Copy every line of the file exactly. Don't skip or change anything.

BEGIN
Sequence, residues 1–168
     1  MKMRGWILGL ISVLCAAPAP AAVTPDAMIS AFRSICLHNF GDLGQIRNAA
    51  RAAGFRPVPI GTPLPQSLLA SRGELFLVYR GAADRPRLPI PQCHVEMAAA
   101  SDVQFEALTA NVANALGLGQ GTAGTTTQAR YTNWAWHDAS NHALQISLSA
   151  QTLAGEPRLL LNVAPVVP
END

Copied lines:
Sequence, residues 1–168
     1  MKMRGWILGL ISVLCAAPAP AAVTPDAMIS AFRSICLHNF GDLGQIRNAA
    51  RAAGFRPVPI GTPLPQSLLA SRGELFLVYR GAADRPRLPI PQCHVEMAAA
   101  SDVQFEALTA NVANALGLGQ GTAGTTTQAR YTNWAWHDAS NHALQISLSA
   151  QTLAGEPRLL LNVAPVVP